April 17, 2016

Andrea Caccuro, bed and breakfast owner in Haverstraw explains his vision for restoring downtown Haverstraw.

Video by John Meore - The Journal News

Article written by Akiko Matsuda - The Journal News -


October 5, 2012


Nelson Diaz rehabs vintage Haverstraw Brick House

Written by Bill Cary - The Journal News -


For a change of pace from its usual house tours in and around Nyack, Piermont and Grand View, this year the Historical Society of Rockland hosted its annual tour in Haverstraw.

The village is right on the Hudson, with spectacular views, and many people in Rockland don’t know much about its rich history. It was established by the Dutch in 1666 and in the 1800s was nicknamed the “Brickmaking Capital of the World.”

One of the most interesting stops on the tour showed an in-progress gut renovation of an Italianate-style house owned by Nelson Diaz. It was built in the 1840s by S.C. Blauvelt, a pharmacist on nearby New Main Street, Diaz says. “We found opium bottles out back when we dug out the outhouse.”

Before he took title in 2009, the house had been used, since 1974, as a preschool. All of the exterior bricks had been painted blue and white. This summer, Diaz, an artist, and his team of helpers have been painstakingly removing all of the layers of paint by hand. “I’m against sand blasting,” he says. “I didn’t want to harm the integrity of the bricks.” Instead, he’s using pigments and high-speed metal brushes to bring a distressed but finished look to the exterior bricks.

The brick walls extend into the interior, too. Luckily, these were never painted. There are no finished walls at all on the second floor, but it’s easy to imagine a master bedroom here or a bathroom over there. Eventually, the house will have three bedrooms and three baths.

“I’m now here full time — restoring and renovating,” Diaz says. “I’m working around the clock getting the facade ready for the tour.” Already, he has removed 10 layers of lead paint from the columns on the front porch, taking them back to raw wood and then staining them with oil-based pastels to bring them back to life. It took a full year for him to restore the massive front door. In coming days, he plans to add three coats of varnish to make the wood really shine. “This door is going to roar!” he promises tour-goers. Diaz, who also owns an apartment in Chelsea, says he first found the 5,500-square-foot house while bicycling up from the city. He’s well into his five-year restoration plan, but judging from the lack of interior walls and finishes, he’s got a ways to go before it’s move-in ready. During the restoration, he has been living in the basement.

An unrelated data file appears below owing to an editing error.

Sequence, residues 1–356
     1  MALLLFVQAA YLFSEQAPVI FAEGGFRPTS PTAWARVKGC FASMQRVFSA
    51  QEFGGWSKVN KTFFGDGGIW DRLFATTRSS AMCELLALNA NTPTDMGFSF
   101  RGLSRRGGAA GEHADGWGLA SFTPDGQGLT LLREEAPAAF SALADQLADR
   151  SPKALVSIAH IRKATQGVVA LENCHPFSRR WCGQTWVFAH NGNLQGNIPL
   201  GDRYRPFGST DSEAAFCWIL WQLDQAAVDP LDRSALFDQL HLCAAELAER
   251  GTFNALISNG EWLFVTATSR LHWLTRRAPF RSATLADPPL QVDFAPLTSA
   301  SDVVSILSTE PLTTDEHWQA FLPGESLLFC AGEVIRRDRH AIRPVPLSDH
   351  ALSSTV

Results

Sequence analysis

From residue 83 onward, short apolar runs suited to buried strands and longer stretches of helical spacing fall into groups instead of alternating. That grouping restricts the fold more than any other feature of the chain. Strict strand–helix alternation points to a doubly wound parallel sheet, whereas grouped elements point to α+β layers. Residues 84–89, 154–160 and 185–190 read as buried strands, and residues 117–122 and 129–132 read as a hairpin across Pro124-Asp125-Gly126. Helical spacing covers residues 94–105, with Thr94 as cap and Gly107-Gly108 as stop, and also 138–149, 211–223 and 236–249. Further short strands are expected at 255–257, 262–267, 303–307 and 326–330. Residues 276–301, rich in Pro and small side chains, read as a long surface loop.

Parts of the house were boarded up and hidden from view when he bought it. Already he’s filled three giant dumpsters with junk and debris. And he’s uncovered quite a few hidden gems: fireplaces, 14-foot ceilings in the first floor, an original staircase, andherringbone-patterned wood floors with some gorgeous inlay details — and oh, those Hudson River views that fill the horizon from all of the river-facing rooms. “It’s all about the view — bringing it inside,” Diaz says. Eventually he wants to replace many of the front windows with floor to ceiling ones.

Yes, of course, he’ll be glad when it’s finally all done, but Diaz says he loves the process, too. “I love the transformation,” he says. “Since I was a kid, for me it’s always been about seeing things transform. That’s what rocks my boat — seeing things go from nothing to something, from something to nothing.” And the artist in him enjoys seeing the careful work of the workers who built and renovated the house over the years. “When you excavate, you get to see the essence of the craft,” he says.

He’s crazy about the funky and friendly neighborhood, too. “It’s reflective of Avenue A, Avenue B in the East Village when I first came to the city,” he says. “My feeling is that it’s going to shift. It has a Brooklyn feel now — I love it.”